South Carolina Muslims of 1790’s


No one has really been able to determined why a crescent, an iconic Muslim symbol, is on the South Carolina state flag. However, it is well known that several Muslims lived in Sumter, South Carolina. Referred to as the Turks of Sumter County, several census documents, land deeds, The Moor Sundry Act of 1790, and official released state legislative committee reports provide evidence of this.  General Thomas Sumter and other heroes of the Continental Army were rewarded land just after the American Revolutionary War.  General Sumter was known to be a quite man who lived alone with his servants and employees.  One of his employees, Yusef Ibn Ali, who later came to be known as Joseph Benenhaley, was listed as a soldier of the Continental Army and came to live on Sumter’s land as a wheelwright.  He was reported to have learned the craft before coming to America.  In 1815, Joseph Benenhaley was deeded 33 acres by Thomas Sumter. Joseph Benenhaley and his family were recorded in the South Carolina census since 1800.  In the 1920’s about 300 Benenhaley individuals were recorded to be living in Sumter County, South Carolina.

In 1790, the South Carolina state legislature passed the Moor Sundry Act of 1790.  In this Act, the Free Moors, Francis, Daniel, Hammond and Samuel petitioned on behalf of themselves and their wives Fatima, Flora, Sarah and Clarinda to be recognized by the state as, “free people of color.” During the colonial, and until the civil rights movement, a person’s race would dictate who one could or could not marry, if he could vote, the laws that were used to indict him in courts of law, and his general overall status in society.  Therefore, if one was not white, but also was not black or Native American, it was not clear if this person would have the same rights as a white man. While petitioning the courts, these Turks explained how they came to live in South Carolina.  They explained that they were defending their country when they were captured by an African king. While there, a Captain Clark promised to take them to England where they could be redeemed by the Moroccan ambassador.  However, instead, he took them to South Carolina and sold them as slaves. After a few years, they purchased their freedom. They reasoned that the court should award their request to be considered “free people of color” because the United States had just entered an alliance with the Prince of Morocco.  They claimed to be subjects of the Prince of Morocco.  Some people believe that it is possible that these Turks may have been retired pirates as well.

After the Moor Sundry Act was passed, several other people also requested to be considered free people of color.  In addition, in 1830, descendants of David Scott, a free person of color went on to ask to be exempt from the tax placed on Free Blacks, in view of his service in the military in the American Revolutionary War.   The committee report was titled: “Committee of Ways & Means: Report on the Petition of David Scott & Sundry Citizens of Sumpter Dist asking that the Descendants of David Scott may be exempted from paying the tax on Free Persons of Color.”  In 1950, the Turks of South Carolina petitioned the Federal District Court to allow them to go to school with the white students at Hillcrest High School after graduating from Dalzell grade school.  The Sumter School District contested the case, saying that these people had Negro blood, but they were able to prove that they did not have Negro blood, and were allowed to attend any white school in the state.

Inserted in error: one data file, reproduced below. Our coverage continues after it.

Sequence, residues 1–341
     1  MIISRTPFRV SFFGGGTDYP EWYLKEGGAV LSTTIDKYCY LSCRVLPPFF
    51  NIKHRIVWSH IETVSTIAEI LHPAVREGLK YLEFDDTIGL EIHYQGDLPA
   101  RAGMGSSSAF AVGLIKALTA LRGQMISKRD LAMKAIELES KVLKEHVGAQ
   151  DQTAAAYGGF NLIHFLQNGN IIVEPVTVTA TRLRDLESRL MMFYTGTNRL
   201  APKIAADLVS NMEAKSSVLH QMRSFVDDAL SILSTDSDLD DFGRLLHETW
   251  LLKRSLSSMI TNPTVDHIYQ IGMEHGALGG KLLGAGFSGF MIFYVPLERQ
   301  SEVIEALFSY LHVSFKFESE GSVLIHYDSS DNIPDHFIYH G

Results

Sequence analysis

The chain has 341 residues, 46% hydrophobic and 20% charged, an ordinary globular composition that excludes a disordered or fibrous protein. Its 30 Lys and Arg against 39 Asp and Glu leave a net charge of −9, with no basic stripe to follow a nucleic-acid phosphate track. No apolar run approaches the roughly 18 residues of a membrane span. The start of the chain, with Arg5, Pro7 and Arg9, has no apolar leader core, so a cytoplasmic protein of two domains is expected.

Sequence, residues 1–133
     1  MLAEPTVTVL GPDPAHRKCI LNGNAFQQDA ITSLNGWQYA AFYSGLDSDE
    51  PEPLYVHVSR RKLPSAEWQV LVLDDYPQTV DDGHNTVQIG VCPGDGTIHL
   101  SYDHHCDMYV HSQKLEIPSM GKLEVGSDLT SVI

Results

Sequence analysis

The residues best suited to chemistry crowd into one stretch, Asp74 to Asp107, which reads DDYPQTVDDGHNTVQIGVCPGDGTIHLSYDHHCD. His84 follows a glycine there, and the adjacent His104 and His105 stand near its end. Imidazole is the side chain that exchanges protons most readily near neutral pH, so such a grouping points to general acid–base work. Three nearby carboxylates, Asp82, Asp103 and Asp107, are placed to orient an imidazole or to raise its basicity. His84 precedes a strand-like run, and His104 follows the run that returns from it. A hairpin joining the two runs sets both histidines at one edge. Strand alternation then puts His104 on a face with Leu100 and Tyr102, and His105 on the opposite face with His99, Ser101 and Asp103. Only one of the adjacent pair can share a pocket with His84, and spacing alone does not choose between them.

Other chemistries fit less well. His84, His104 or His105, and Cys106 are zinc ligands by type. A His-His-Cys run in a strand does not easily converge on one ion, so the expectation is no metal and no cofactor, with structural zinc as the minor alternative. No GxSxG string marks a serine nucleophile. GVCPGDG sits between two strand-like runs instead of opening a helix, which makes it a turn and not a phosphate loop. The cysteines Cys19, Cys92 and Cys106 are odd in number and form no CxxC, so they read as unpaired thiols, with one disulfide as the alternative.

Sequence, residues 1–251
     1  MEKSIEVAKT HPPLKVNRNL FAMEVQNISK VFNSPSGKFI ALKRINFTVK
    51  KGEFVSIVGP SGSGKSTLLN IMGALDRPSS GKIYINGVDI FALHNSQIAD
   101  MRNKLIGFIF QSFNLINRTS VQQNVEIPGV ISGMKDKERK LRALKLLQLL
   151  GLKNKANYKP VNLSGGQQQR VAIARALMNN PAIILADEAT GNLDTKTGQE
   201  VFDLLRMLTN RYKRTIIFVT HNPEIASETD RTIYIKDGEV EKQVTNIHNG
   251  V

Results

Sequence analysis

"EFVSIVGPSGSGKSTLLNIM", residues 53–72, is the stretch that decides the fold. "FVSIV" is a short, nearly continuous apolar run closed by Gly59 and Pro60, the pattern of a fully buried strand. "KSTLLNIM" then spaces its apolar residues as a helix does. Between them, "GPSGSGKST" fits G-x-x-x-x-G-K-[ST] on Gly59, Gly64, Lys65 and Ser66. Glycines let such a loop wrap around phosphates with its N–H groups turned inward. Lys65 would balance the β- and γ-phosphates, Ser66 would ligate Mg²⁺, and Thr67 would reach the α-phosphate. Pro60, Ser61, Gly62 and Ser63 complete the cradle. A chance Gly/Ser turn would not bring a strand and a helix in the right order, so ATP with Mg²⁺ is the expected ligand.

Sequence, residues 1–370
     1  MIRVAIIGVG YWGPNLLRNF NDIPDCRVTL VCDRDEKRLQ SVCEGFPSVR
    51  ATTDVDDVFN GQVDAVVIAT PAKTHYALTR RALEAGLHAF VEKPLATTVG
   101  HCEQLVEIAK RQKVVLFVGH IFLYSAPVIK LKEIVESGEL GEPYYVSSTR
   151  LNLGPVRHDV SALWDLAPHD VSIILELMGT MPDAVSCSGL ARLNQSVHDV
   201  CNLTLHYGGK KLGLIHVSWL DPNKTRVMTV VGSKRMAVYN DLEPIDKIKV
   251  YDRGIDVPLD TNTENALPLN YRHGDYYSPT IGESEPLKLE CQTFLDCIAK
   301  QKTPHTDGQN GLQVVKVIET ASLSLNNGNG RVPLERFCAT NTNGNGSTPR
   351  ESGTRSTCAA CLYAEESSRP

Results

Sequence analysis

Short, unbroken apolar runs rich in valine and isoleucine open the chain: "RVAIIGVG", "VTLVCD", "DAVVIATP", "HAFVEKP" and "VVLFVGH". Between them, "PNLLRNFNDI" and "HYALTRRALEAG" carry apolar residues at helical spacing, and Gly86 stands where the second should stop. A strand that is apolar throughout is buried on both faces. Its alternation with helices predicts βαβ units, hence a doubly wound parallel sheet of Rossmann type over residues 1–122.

Tody, people with the following surnames consider themselves to be descended from the Turks of Sumter Co: Benenhaley, Buckner, Deas, Hood, Jolly, Oxidine, Pitts, Ray, and Scott. Although these people did not all have Arabic sounding last names, many European pirates converted to Islam and considered themselves to be subjects of the Ottoman or Moroccan Empires.  In addition, many others may have adopted European names due to the level of discrimination that existed over time.  In addition, by 1900, the Long Branch Baptist Church was established, and the citizens mostly became Christian.

You can read a whole timeline of events related to the Turks of South Carolina by reading, Sumter’s Turks by S. Pony Hill.  This document can be found on

  1. What symbols appear on the South Carolina State Flag?
  2. Name three noted Turks who lived in South Carolina.
  3. How did Turks of South Carolina argue for their rights and freedom over time?
  4. Why were these people taken as slaves if they were not Black and did not have any “Negro blood”?
  5. Why was it important to define your race during this era in history?
  6. Why might have some of these Turks had European sounding names?



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